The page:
Published: 27 Nov 2023, 16:00 pm IST
Medically Reviewed by

What is HIV/AIDS?

As per 2022 data from the World Health Organization (WHO), 39 million individuals are currently living with HIV globally, underscoring the importance of understanding this condition for effective prevention.

The human immunodeficiency virus (HIV) is an infection that attacks the immune system, specifically the CD4 cells, weakening the body’s ability to combat infections and diseases. Initial HIV symptoms resemble flu-like symptoms, appearing within 2 to 4 weeks after getting infected. If not treated, the virus progressively damages the immune system, leading to acquired immunodeficiency syndrome (AIDS). The World Health Organization (WHO) reports that since the onset of the epidemic, 85.6 million people have been infected with HIV, resulting in approximately 40.4 million deaths. Unfortunately, there’s no cure for HIV yet, and once someone has it, they have it for life.

Causes of HIV/AIDS

HIV/AIDS is a chronic immune system disease caused by the transmission of the human immunodeficiency virus (HIV). The transmission can be caused due to multiple reasons:

  • Unprotected sex: Sexual intercourse without using condoms is a major mode of transmission, particularly in heterosexual and homosexual relationships. The virus is present in semen, vaginal fluids, and blood.
  • Needle sharing: Sharing contaminated needles among intravenous drug users facilitates the spread of the virus.
  • Mother-to-child transmission: HIV can be transmitted during childbirth or breastfeeding if the mother is infected. Antiretroviral interventions during pregnancy significantly reduce this risk.
  • Blood transfusions and organ transplants: Although rare, unsafe medical procedures involving blood or organ transplants can contribute to HIV transmission.
  • Bodily fluids: HIV/AIDS can also be spread through body fluids like blood, semen, vaginal fluid, breast milk, etc.

HIV does not spread through casual contact, air, water, or insect bites. Promoting safe sex practices, providing access to clean needles for drug users, and ensuring universal precautions in healthcare settings, are vital steps in fighting against HIV/AIDS.

Key Facts of HIV/AIDS

Major Symptoms
  • Fever
  • Fatigue
  • Swollen lymph nodes
  • Sore Throat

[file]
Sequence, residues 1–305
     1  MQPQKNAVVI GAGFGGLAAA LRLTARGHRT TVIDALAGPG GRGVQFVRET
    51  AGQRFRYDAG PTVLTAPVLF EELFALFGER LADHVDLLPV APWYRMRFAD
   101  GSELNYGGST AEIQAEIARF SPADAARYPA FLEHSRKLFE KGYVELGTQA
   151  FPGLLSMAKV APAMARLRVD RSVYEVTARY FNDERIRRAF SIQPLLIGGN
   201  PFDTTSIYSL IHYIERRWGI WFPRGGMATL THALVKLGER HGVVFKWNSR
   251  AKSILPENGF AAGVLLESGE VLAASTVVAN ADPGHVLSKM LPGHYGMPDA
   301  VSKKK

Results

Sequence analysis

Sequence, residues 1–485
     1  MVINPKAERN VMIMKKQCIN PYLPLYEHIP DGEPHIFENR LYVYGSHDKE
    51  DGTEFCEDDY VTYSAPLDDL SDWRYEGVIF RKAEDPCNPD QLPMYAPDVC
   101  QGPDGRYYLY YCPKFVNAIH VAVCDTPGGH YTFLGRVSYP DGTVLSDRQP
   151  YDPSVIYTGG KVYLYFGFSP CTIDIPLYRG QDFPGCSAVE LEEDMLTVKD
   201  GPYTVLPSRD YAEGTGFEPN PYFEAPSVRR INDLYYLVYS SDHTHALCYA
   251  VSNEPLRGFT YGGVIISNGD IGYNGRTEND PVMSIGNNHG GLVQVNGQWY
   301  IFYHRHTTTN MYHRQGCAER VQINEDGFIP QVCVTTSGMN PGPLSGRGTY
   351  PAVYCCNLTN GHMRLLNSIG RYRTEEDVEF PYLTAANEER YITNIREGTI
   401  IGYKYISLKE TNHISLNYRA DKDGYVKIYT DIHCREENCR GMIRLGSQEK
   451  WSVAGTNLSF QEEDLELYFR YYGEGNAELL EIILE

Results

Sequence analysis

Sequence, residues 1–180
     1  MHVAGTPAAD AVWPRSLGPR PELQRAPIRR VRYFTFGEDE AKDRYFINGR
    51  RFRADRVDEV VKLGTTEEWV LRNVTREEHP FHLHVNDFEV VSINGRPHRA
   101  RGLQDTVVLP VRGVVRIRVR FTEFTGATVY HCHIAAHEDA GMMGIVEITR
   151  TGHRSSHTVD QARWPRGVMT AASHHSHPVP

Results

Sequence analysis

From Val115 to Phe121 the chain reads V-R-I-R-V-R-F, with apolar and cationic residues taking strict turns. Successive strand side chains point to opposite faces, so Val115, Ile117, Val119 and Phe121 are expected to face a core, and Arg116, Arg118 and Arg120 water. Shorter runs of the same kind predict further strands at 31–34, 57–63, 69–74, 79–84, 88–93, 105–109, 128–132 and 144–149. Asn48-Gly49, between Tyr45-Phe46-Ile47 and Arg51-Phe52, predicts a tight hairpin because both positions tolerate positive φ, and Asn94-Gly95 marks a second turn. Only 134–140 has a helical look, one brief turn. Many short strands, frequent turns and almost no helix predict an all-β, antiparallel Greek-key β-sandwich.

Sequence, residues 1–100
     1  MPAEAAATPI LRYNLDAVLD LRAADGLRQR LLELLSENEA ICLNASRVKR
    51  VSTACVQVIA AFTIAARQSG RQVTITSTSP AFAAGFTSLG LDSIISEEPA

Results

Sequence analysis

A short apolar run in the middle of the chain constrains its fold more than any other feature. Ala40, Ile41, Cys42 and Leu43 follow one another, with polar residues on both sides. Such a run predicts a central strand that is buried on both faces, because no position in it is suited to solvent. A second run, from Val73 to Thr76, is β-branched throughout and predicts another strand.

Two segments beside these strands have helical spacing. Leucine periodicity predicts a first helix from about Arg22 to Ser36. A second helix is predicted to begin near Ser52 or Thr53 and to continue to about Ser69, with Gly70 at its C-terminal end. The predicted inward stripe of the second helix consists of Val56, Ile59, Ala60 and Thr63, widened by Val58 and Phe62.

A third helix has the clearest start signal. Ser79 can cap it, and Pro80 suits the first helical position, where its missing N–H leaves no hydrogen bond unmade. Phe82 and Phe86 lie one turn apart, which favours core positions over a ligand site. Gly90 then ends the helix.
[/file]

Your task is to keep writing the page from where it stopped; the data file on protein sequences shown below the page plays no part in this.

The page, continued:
• Rashes
  • Headache
  • Muscle and joint pain
  • Night sweats
  • Diarrhea
  • Mouth ulcers or genital ulcers
Necessary Health Tests
  • HIV antibody test
  • Antigen/antibody test
  • Nucleic acid test (NAT)
  • CD4 T-Cell Count
  • Viral load test

Medical treatment

  • Antiretroviral therapy (ART)
  • Combination therapy
  • Adherence to medication
  • Regular medical monitoring

Lifestyle modifications

  • Follow a healthy diet
  • Perform exercises regularly
  • Manage stress levels
  • Adequate sleep
  • Vaccination

Symptoms of HIV/AIDS

HIV/AIDS manifests in various stages, each with distinct symptoms reflecting the progression of the disease.

1. Acute HIV Infection

Within 2-4 weeks of infection, flu-like symptoms may occur, including fever, fatigue, a sore throat, swollen lymph nodes, and a rash. However, some individuals may experience no symptoms at all.

2. Clinical Latency (Chronic HIV)

The asymptomatic phase can last for years, and many individuals show no apparent symptoms. Meanwhile, the virus keeps replicating and weakening the immune system, and transmission is still possible.

3. Symptomatic HIV

As the immune system deteriorates, individuals may experience persistent symptoms such as fever, weight loss, chronic diarrhea, night sweats, and recurring respiratory infections.

4. AIDS (Acquired Immunodeficiency Syndrome)

If a person has HIV and is not on HIV treatment, gradually the virus will weaken the immune system and progress to AIDS. As the immune system becomes severely compromised, it can lead to more severe conditions. This may include opportunistic infections and cancers. Conditions such as tuberculosis, pneumonia, and certain cancers like Kaposi’s sarcoma become more prevalent.

Early detection and medical intervention, particularly antiretroviral therapy (ART), can slow the progression of HIV, delaying the onset of AIDS.

Diagnosis of HIV/AIDS